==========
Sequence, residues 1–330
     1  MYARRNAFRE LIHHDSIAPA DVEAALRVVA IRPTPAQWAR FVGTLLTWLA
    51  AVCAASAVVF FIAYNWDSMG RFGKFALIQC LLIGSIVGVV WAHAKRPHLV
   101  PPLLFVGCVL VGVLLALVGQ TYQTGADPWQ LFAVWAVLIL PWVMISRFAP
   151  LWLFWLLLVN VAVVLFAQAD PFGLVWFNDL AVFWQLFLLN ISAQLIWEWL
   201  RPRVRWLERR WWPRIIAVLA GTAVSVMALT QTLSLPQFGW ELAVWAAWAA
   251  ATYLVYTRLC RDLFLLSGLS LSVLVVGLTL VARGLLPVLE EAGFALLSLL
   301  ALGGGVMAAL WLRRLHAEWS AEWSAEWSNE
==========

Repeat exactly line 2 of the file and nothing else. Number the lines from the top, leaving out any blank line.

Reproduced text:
     1  MYARRNAFRE LIHHDSIAPA DVEAALRVVA IRPTPAQWAR FVGTLLTWLA